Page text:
11. According to the CIGNA Medical Coverage Policy, CIGNA excludes coverage of experimental procedures. Because it is an exclusion, CIGNA has the burden of proving that multi-level ADR fits within the Plan's definition of "experimental." Specifically, CIGNA must show that multi-level ADR is either (1) limited to research; (2) not proven in an objective manner to have therapeutic value or benefit, (3) restricted to use by medical facilities capable of carrying out scientific studies; (4) of questionable medical effectiveness; or (5) would be considered inappropriate medical treatment. (A.R. at 371.)

CIGNA Fails to Prove that the Plan Excludes Multi-Level ADR from Coverage

12. As a general matter, CIGNA has made no showing that multi-level ADR is experimental. The initial denial and first appeal both quoted from CIGNA's internal policy. CIGNA simply relied on its prior conclusions as reflected in its internal policy and did not address the new information provided by Dr. Rudin.

13. CIGNA has not met its burden to show that multi-level ADR is limited to research. Dr. Rudin offered Dubaich the procedure and has personally performed approximately 200 multi-level disc replacements. Nothing in the record establishes that the procedure is limited to research. Therefore, on this record, it does not appear that multi-level ADR is limited to research.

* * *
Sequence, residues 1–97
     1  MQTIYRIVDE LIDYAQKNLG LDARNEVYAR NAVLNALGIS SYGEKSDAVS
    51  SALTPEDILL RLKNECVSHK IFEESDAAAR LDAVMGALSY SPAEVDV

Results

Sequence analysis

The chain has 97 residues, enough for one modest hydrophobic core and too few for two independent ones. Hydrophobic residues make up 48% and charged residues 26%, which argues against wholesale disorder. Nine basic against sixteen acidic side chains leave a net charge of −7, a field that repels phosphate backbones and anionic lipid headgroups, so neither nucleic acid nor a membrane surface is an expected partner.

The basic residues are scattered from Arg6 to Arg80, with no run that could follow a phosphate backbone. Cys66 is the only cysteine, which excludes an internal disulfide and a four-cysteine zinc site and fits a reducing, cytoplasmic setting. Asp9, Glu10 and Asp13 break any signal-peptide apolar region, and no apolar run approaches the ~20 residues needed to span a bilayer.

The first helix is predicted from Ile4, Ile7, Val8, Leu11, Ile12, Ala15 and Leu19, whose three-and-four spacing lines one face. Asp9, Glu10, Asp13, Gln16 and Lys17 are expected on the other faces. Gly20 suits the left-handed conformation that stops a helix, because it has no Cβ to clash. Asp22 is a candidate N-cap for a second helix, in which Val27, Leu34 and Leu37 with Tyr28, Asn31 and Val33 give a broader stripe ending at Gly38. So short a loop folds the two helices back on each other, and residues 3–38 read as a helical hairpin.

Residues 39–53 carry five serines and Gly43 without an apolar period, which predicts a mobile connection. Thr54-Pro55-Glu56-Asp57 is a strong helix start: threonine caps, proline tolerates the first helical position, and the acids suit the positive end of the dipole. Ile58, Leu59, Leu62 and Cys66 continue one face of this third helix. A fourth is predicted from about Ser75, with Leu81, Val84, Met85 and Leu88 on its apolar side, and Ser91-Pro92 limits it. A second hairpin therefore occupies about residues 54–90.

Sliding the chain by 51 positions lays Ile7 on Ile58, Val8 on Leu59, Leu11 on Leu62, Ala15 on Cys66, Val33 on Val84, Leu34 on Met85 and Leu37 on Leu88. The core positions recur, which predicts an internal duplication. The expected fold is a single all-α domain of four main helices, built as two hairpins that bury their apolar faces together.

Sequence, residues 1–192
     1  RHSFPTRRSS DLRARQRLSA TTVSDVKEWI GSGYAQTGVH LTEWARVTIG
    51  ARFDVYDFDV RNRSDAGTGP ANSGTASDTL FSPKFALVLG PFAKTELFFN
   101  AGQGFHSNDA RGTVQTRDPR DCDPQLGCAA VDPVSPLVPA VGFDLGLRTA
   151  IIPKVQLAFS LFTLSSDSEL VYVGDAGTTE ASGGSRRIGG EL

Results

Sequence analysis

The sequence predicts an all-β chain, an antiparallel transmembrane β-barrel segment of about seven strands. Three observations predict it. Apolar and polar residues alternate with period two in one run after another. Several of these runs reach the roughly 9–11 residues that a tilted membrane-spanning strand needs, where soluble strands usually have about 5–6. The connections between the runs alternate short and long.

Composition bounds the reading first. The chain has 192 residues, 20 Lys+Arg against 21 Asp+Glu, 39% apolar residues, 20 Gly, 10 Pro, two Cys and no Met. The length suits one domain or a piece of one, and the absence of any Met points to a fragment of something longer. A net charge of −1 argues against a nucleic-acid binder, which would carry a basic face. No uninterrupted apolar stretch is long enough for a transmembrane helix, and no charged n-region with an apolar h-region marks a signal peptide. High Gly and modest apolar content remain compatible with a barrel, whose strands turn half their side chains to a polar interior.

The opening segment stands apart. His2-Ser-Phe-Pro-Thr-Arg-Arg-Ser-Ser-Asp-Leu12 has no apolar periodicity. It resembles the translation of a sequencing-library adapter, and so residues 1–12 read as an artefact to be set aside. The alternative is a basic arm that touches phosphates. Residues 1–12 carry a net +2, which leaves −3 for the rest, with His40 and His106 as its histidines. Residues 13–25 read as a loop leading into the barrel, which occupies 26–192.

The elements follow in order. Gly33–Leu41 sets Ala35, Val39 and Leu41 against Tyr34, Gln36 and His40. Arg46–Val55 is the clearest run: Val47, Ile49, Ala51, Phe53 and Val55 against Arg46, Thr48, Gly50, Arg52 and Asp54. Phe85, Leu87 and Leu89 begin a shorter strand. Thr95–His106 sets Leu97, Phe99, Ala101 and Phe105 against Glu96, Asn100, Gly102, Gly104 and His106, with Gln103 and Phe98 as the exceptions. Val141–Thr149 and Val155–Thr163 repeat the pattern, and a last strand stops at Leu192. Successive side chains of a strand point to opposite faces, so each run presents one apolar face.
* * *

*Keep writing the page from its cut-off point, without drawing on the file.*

14. CIGNA has not met its burden to show that multi-level ADR lacks therapeutic benefit. In addition to recommending the procedure as therapeutic for Dubaich (and 200 other patients for whom he has performed the procedure), Dr. Rudin submitted several studies demonstrating therapeutic benefit. The Delamarter Study found two-level ADR to have better reduced back pain than spinal fusion, and the Bertagnoli Study found that two-level ADR eliminated instances of severe back pain and improved ranges of motion. While the CIGNA Medical Coverage Policy references the Bertagnoli Study, CIGNA has not rebutted this evidence.